OK, there's a constitutional question coming up very shortly. The Massachussets Supreme Court has reaffirmed its decision and informed the State Legislature that marriage, and only marriage, would protect the equal rights of homosexual citizens. (Several dissents were filed as well, which supported the concept of the"separate but equal" civil union. I'm with the majority: separate isn't equal) So there will be, shortly, a state in which gay and lesbian marriages will take place.
Here's my question. Among the injustices cited by the court was"the absence of predictable rules of child support and property division, and even uncertainty concerning whether one will be allowed to visit one's sick child or one's partner in a hospital." A few states have enacted hetero-only restrictions on marriage, which indicates that they will not provide benefits or legal protections to non-hetero marriages. But if a gay or lesbian couple married in Massachussetts moves to another state, and decides to break up, can their divorce proceeding be heard in state courts? Can a Massachusetts divorce decree or child custody agreement be enforced in other states? There's a whole host of other issues, including inheritance law, which also ends up in state courts: will homosexuals have to arrange to die in the state where they got married?
And the Federal"Defense of Marriage Act" seems to require that legally married homosexual couples file their taxes separately. Won't that be an interesting"equal protection" case?
P.S. In a triumph of -- well, probably political expediency, but it's hard not to consider this a victory -- the Virginia legislature rejected a proposal to create a Confederate History Month. I don't have a problem with honoring southern culture, traditions, etc. But the Confederacy was a four year rebellion whose primary purposes were rejecting a legitimately elected president and maintaining the"states' rights" to continue the horrific and inhuman abuse of persons. I don't see the attraction.
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Anne Zook - 2/9/2004
You guys are awesome. I did, in fact, start some preliminary research on this subject this weekend. (It occurred to me that, in addition to figuring out how the whole myth of the glorious south was created, I really needed to know more about what, precisely, today's 'southerners' think it is that they lost.)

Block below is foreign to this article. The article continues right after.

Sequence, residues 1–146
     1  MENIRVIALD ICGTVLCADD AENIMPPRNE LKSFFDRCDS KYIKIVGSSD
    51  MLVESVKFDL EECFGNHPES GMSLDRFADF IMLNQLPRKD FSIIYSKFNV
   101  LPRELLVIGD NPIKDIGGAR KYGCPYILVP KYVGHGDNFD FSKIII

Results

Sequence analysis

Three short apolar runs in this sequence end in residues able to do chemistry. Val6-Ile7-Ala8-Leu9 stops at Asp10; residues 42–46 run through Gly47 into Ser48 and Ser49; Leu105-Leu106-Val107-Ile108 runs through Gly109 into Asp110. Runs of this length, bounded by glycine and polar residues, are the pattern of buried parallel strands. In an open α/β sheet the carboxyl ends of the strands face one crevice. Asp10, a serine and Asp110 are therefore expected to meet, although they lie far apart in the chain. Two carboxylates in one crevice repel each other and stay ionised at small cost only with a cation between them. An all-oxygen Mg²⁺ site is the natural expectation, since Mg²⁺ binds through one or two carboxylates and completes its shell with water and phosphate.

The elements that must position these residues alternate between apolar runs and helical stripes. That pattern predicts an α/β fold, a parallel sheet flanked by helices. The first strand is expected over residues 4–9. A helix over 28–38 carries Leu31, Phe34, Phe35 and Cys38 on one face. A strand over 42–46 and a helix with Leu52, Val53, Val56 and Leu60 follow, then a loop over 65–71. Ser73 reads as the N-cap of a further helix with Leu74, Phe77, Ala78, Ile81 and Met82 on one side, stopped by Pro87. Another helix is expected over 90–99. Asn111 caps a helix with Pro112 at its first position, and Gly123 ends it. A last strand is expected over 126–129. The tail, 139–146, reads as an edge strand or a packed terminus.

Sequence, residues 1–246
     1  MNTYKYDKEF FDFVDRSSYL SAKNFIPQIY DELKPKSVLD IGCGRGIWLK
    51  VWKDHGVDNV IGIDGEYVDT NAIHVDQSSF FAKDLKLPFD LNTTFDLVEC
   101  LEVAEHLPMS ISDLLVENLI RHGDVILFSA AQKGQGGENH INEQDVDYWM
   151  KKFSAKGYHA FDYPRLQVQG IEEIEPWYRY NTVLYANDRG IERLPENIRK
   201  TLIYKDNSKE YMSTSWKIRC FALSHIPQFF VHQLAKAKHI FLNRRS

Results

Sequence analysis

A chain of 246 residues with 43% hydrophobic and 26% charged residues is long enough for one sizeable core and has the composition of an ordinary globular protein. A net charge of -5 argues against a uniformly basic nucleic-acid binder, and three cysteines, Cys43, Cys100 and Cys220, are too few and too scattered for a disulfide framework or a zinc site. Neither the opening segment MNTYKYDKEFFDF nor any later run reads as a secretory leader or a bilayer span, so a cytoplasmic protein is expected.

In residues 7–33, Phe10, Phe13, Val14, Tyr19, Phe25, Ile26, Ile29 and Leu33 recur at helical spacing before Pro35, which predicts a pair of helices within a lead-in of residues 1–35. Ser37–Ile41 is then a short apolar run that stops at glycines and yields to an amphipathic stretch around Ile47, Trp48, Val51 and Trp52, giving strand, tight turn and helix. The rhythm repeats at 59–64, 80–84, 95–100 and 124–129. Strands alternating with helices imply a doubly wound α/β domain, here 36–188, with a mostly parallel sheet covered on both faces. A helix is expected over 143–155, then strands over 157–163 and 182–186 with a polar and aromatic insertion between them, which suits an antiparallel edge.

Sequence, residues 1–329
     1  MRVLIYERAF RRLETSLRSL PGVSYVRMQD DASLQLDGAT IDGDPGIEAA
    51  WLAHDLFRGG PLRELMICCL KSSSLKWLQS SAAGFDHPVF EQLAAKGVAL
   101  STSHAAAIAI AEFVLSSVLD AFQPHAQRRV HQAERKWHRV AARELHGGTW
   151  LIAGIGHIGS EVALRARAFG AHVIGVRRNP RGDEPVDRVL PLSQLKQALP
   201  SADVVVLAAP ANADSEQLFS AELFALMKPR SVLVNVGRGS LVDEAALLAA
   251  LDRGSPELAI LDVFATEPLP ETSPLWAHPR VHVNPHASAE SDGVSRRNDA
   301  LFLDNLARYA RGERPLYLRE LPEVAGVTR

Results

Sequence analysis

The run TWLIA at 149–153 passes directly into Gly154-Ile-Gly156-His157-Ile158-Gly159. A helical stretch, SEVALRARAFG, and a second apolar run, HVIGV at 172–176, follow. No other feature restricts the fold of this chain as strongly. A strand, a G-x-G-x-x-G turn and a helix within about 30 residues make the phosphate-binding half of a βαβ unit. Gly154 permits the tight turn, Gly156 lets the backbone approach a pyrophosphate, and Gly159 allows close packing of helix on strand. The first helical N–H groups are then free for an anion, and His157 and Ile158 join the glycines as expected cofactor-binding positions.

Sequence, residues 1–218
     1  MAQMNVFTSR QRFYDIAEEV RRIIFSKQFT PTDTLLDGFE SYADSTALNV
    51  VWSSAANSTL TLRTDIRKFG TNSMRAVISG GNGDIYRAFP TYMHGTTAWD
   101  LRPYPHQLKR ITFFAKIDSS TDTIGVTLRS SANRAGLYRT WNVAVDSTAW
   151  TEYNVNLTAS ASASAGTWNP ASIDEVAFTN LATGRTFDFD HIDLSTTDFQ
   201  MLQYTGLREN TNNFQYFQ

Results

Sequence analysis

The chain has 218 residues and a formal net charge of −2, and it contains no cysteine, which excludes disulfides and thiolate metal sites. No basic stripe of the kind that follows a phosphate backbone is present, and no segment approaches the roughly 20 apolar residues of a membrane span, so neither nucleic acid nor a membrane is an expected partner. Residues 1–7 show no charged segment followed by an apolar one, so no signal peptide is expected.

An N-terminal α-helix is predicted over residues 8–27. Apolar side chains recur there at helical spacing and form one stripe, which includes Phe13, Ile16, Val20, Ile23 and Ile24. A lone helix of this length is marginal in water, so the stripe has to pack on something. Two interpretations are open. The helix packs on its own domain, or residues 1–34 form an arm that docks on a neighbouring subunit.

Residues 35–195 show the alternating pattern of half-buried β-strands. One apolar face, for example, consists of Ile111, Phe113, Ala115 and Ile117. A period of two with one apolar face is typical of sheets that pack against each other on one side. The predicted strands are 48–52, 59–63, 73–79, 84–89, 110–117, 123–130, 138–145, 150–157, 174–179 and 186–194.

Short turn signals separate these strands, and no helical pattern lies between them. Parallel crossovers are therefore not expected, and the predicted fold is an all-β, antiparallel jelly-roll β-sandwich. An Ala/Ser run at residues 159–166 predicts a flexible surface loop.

I'll check out the books, and the links. Thanks!
Ralph E. Luker - 2/6/2004
Three good books which approach the subject from different angles are:
Gaines Foster, Ghosts of the Confederacy: Defeat, the Lost Cause, and the Emergence of the New South, 1865-1913;
Tony Horwitz, Confederates in the Attic: Dispatches from the Unfinished Civil War; and
David Blight, Race and Reunion: The Civil War in American Memory.
Oscar Chamberlain - 2/6/2004
The rewrite began during Reconstruction. You can most easily find references to it by using the phrase "lost cause."
Probably the single group most responsible for this transformation in the public sphere were the Daughters of the Confederacy. Many of the public spaces, statues, etc. in the South devoted to memorializing the nobility of the Lost Cause resulted from their indefatigueable activity.
(If you are ever in Jackson Mississippi, do wander the grounds around the capital for numerous examples. However my "favorite" statue was actually paid for by a veterans organization and devoted to the women of the South, with each face representing one of their four roles : daughters, sisters, wivers, mothers.)
I just did a very quick JSTOR search and it looks like this article would give you a sense of other ways that loss was turned to honor.
Soldiers, Christians, and Patriots: The Lost Cause and Southern Military Schools, 1865-1915
Rod Andrew Jr.
The Journal of Southern History, Vol. 64, No. 4. (Nov., 1998), pp. 677-710.
Stable URL: http://links.jstor.org/sici?sici=0022-4642%28199811%2964%3A4%3C677%3ASCAPTL%3E2.0.CO%3B2-U
Anne Zook - 2/6/2004
Myth-making is a fascinating subject, in fact. I really wish there was some site of historical experts who might be able to find and co-opt someone to write learnedly on the subject of how the former confederate states re-wrote their rather embarassing past and re-created themselves as glorious martyrs.
(Anyone feeling tempted?)
Ophelia Benson - 2/6/2004
Well let's hope it's not only history experts who read this blog. The idea is to be read by anyone who's interested, I think.